Jane Jetson would feel right at home in many of today’s retail stores. From shoppable window displays to interactive fitting rooms to personalized discounts, retailers around the globe are integrating cutting-edge technology to create engaging experiences that blur the line between in-store and online shopping.
Check out our roundup of nine retail innovations that will have consumers dreaming about jetpacks and flying cars.
- Magic Mirrors
Snow White’s magic mirror meets the digital age. Interactive mirrors are fusing digital connectedness with the physical world and delighting consumers in the process. Rebecca Minkoff stores in New York, San Francisco and Los Angeles feature interactive mirrors that allow consumers to adjust lighting, browse virtual racks, request a different size, and send items directly to checkout. And the memory mirrors at select Neiman Marcus stores give shoppers a unique perspective in the fitting room as well. The mirror records an eight second video of each outfit as shoppers give their potential looks a twirl. Shoppers can virtually try on an item in different colors, share with friends and compare multiple videos side by side to make final purchasing decisions.
- Laser Beams
Nothing says high tech like light beams shooting out of a machine. Laser printing technology, which has mostly been reserved for innovation labs and production facilities, is finding an additional home in retail stores. The new “One Below” area for young shoppers within Macy’s iconic Herald Square store features a custom laser bar where consumers can purchase Levi’s® jeans or trucker jackets and have them customized with select designs.
- Virtual Reality
Stores are adding “retailtainment” (retail entertainment) options for shoppers, including virtual reality experiences. Toms, for example, lets consumers get fully immersed in its one-for-one mission by allowing them to experience a giving trip to Peru via virtual reality headset. And a North Face store in Manhattan offers shoppers a chance to explore remote hiking, climbing and base-jumping locale without ever having to leave the store.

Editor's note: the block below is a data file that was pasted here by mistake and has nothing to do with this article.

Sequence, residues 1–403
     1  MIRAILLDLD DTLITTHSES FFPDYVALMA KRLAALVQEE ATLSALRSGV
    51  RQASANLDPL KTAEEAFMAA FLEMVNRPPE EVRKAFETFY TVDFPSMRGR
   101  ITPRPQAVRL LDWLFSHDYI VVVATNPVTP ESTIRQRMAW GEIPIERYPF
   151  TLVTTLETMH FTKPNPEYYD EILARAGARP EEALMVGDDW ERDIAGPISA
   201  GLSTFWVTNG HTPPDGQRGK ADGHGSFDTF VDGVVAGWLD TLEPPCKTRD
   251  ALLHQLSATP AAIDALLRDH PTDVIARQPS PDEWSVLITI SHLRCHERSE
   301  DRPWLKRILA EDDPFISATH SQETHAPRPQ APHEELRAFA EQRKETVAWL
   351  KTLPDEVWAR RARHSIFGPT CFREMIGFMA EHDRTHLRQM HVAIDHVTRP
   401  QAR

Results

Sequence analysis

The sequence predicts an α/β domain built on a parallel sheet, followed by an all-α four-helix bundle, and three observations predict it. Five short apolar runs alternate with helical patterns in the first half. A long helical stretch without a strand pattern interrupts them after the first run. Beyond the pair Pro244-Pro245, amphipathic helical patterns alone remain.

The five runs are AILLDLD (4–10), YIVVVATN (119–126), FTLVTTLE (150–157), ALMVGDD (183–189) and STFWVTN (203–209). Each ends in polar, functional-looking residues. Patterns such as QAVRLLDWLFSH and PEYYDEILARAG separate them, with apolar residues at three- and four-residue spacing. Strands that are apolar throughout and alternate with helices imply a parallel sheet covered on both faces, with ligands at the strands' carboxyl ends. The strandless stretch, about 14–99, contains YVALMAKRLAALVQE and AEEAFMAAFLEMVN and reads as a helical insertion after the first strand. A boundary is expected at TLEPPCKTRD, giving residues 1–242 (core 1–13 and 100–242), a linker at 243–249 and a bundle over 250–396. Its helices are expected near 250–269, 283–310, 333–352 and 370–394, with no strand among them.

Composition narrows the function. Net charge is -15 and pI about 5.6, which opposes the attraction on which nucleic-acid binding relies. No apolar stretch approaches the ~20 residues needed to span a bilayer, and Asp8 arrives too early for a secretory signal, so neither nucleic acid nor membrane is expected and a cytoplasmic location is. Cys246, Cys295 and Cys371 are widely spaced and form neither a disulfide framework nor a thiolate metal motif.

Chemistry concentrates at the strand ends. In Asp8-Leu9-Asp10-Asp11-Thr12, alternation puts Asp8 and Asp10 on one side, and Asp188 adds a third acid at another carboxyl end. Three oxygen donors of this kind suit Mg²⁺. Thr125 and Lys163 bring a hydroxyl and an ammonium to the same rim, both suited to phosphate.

- Connected Pants
The Intel and the Levi’s® team have been collaborating to develop a proof of concept using RFID tags to deliver near real-time inventory monitoring in Levi’s® stores. That means when a consumer comes into the store looking for a perfectly fitting pair of jeans in a specific size and color, it’s on the shelf — no need for sales store associates to check in the back to find a specific item.
- Interactive and Shoppable Window Displays
Next-generation window displays give a whole new meaning to the phrase “window shopping.” Retailers are giving consumers the opportunity to interact with screens built into storefronts, and in some cases offering shoppable capabilities as well. Last fall, London-based department store Harrods created a large, shoppable interactive window display. People passing by could use a mobile phone to scan or tap the display, and they would be linked to a mobile site to view products and purchase instantly.
- AI Assistance
Make way for the future, as personal shoppers becomes decidedly more robotic. Technology companies are planning to integrate artificial intelligence into the shopping experience to provide all the expertise and personalized advice of a seasoned stylist, weatherman, trend forecaster, and more. Going to a music festival? AI technology could offer guidance based on weather forecasts, travel conditions, trending styles and more to help assemble the perfect ensemble.
- Mobile Payments
Riding the growing wave of mobile payment systems like Apple Pay, retailers are getting on board with mobile payments that forego the cash registers for quick checkout on your phone. Shoppers will be able to scan items as they go through the store and purchase them via app, without lines or wasted time. This begs an important question: will future generations even understand the origins of the phrase cha-ching!?
- Smart Discounts
It might be time to finally retire those coupon-clipping scissors. Major retailers like Kohl’s are linking up with shoppers’ phones to provide personalized, location-based recommendations and deals. A ‘store mode’ on the mobile app gives shoppers a personalized experience that allows them to find in-store promotions and search store inventory as they walk through the store.
- Crowd-sourced Encouragement
Stores are also taking note of people’s love of user ratings and popularity, and the age-old desire for reassurance on making a purchase that friends are sure to <3. In Brazil, clothes hangers have a digital display linked to Facebook that shows the number of likes each item of clothing has received from the online community.
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